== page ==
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Macgnímartha Finn


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Irish titles for the medieval Fenian narrative known in English as The Boyhood Deeds of Fionn or The Youthful Exploits of Fionn. Incomplete texts evince influences from comparable stories of the boyhood of Cúchulainn. After being reared in hiding, the youthful Fionn, then called Demne, goes through a series of adventures to prepare him for a career as a great chief. These include his winning of the salmon of wisdom, his earning of his name when he is called Fionn [fair-haired one] during an athletic contest, and the attainment of his sword, his banner, and his aegis. Most mysteriously, he also acquires the crane bag [corrbolg], implicitly the beginnings of Irish writing. Capping his adventures, he overcomes Goll mac Morna to become unchallenged chief of the Fianna, and then goes to Tara to slay Aillén the burner.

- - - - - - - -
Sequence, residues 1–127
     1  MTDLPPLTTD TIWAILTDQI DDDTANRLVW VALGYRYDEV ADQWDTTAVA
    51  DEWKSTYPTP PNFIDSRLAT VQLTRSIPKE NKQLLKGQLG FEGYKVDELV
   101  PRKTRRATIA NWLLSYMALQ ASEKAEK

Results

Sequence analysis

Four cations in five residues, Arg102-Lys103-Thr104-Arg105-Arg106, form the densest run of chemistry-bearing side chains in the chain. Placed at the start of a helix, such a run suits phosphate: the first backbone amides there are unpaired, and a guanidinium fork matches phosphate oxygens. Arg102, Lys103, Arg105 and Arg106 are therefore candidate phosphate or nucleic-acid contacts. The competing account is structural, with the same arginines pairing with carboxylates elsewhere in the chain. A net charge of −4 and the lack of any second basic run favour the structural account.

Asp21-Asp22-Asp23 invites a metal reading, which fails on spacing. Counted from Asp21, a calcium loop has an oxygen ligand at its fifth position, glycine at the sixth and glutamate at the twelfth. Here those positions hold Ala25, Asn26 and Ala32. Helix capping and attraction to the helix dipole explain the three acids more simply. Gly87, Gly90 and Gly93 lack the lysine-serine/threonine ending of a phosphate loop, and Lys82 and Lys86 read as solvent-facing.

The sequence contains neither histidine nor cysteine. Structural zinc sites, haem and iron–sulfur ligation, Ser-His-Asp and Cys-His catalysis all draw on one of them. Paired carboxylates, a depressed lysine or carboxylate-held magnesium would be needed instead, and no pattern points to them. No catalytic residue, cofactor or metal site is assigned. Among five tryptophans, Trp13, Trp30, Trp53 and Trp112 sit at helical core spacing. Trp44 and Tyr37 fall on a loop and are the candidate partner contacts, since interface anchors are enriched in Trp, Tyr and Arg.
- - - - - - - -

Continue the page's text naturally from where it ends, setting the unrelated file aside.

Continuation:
See Kuno Meyer, ‘Boyish Exploits of Finn’, Ériu, 1 (1904), 180–90.See also Joseph Falaky Nagy, The Wisdom of the Outlaw (Berkeley, Calif., 1985).James Stephens adapts many of Fionn's boyhood adventures in his Irish Fairy Tales (London, 1920).

Subjects: Religion.


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